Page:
H1.2 Historical Inquiry and Analysis: Use historical inquiry and analysis to study the past​ ​

6–H1.2.1
Explain how historians use a variety of sources to explore the past (e.g., artifacts, primary and secondary sources including narratives, technology, historical maps, visual/mathematical quantitative data, radiocarbon dating, DNA analysis).

Related Geography GLCEs:

Lesson Plans:
GeoHistoGram Activity Set:
H1.4 Historical Understanding: Use historical concepts, patterns, and themes to study the past.​ ​

6–H1.4.1
Describe and use cultural institutions to study an era and a region (political, economic, religion/belief, science/technology, written language, education, family). ​

Related Geography GLCEs:

Lesson Plans:
GeoHistoGram Activity Set:

6–H1.4.2
Describe and use themes of history to study patterns of change and continuity.

Lesson Plans:

GeoHistoGram Activity Set:
Resources:

W1.1 Peopling of the Earth: Describe the spread of people in the Western Hemisphere in Era 1. ​

6–W1.1.1
Describe the early migrations of people among Earth's continents (including the Berringa Land Bridge).  

Related Geography GLCEs:

Lesson Plans:
Maps:
W1.2 Agricultural Revolution: Describe the Agricultural Revolution and explain why it is a turning point in history. ​

6–W1.2.1
Describe the transition from hunter gatherers to sedentary agriculture (domestication of plants and animals).

Lesson Plans:


6–W1.2.2
Describe the importance of the natural environment in the development of agricultural settlements in different locations (e.g., available water for irrigation, adequate precipitation, and suitable growing season). 

Related Geography GLCEs:

Lesson Plan:
Maps:
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W2.1 Early Civilizations and Early Pastoral Societies: Describe the characteristics of early Western Hemisphere civilizations and pastoral societies.

6–W2.1.1
Explain how the environment favored hunter gatherer, pastoral and small scale agricultural ways of life in different parts of the Western Hemisphere

Related Geography GLCEs:


6–W2.1.2
Describe how the invention of agriculture led to the emergence of agrarian civilizations (seasonal harvests, specialized crops, cultivation, and development of villages and towns).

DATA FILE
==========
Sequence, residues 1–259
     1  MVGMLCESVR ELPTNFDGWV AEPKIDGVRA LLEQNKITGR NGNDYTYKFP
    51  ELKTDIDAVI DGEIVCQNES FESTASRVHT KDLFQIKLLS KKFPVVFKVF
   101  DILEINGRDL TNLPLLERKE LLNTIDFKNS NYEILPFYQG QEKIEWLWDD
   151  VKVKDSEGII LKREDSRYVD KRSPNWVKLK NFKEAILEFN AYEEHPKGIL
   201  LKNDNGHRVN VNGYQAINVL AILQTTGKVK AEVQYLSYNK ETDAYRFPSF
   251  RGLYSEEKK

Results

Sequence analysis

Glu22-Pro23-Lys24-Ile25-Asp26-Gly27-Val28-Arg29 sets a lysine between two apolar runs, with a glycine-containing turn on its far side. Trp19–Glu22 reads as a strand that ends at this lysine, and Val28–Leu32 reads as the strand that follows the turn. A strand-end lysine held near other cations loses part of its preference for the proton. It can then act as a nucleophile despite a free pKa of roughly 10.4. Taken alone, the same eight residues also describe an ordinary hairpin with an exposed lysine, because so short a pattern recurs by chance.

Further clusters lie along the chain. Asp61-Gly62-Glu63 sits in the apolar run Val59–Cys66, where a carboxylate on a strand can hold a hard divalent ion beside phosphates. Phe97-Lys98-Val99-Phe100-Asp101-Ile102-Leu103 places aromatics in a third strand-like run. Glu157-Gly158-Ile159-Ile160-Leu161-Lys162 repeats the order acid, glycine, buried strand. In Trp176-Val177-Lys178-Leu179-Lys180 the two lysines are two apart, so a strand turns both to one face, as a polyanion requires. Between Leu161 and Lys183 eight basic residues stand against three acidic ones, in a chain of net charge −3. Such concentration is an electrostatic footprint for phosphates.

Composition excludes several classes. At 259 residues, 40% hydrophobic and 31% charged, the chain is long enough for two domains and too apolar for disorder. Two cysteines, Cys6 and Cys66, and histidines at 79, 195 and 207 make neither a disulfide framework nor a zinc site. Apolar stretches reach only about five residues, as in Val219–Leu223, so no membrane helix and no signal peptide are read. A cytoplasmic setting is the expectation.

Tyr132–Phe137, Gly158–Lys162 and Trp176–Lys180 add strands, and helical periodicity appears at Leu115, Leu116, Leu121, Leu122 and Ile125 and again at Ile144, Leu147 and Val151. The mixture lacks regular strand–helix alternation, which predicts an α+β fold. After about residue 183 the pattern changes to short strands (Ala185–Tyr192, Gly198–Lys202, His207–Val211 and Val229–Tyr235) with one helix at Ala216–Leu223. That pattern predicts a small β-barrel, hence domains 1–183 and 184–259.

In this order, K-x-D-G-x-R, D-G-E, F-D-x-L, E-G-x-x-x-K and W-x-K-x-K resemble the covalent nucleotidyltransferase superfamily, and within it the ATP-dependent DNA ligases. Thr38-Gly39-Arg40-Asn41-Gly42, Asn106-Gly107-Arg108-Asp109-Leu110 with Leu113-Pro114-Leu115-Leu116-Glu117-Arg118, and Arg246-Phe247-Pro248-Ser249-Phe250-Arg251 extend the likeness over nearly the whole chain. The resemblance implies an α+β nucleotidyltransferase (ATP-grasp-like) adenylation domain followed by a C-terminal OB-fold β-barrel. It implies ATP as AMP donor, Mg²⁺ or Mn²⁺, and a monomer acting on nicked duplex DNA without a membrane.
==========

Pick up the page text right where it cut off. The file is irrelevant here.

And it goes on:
Related Geography GLCEs:

Lesson Plans:
GeoHistoGram Activity Set:

6–W2.1.3
Use multiple sources of evidence to describe how the culture of early peoples of North America reflected the geography and natural resources available (e.g., Inuit of the Arctic, Kwakiutl of the Northwest Coast; Anasazi and Apache of the Southwest).

Related Geography GLCEs:


6–W2.1.4
Use evidence to identify defining characteristics of early civilizations and early pastoral nomads (government, language, religion, social structure, technology, and division of labor).

W3.1 Classical Traditions and Major Empires in the Western Hemisphere: Describe empires and agrarian civilizations in Mesoamerica and South America. ​

6–W3.1.1
Analyze the role of environment in the development of early empires, referencing both useful environmental features and those that presented obstacles.

Related Geography GLCEs:
Web Lesson:

6–W3.1.2
Explain the role of economics in shaping the development of early civilizations (trade routes and their significance – Inca Road, supply and demand for products).

Related Geography GLCEs:
Web Lesson:

6–W3.1.3
Describe similarities and difference among Mayan, Aztec, and Incan societies, including economy, religion, and role and class structure.

Web Lesson:

6–W3.1.4
Describe the regional struggles and changes in governmental systems among the Mayan, Aztec, and Incan Empires.

Related Geography GLCEs:
Web Lesson:

6–W3.1.5
Construct a timeline of main events on the origin and development of early and classic ancient civilizations of the Western Hemisphere (Olmec, Mayan, Aztec, and Incan).

Related Geography GLCEs: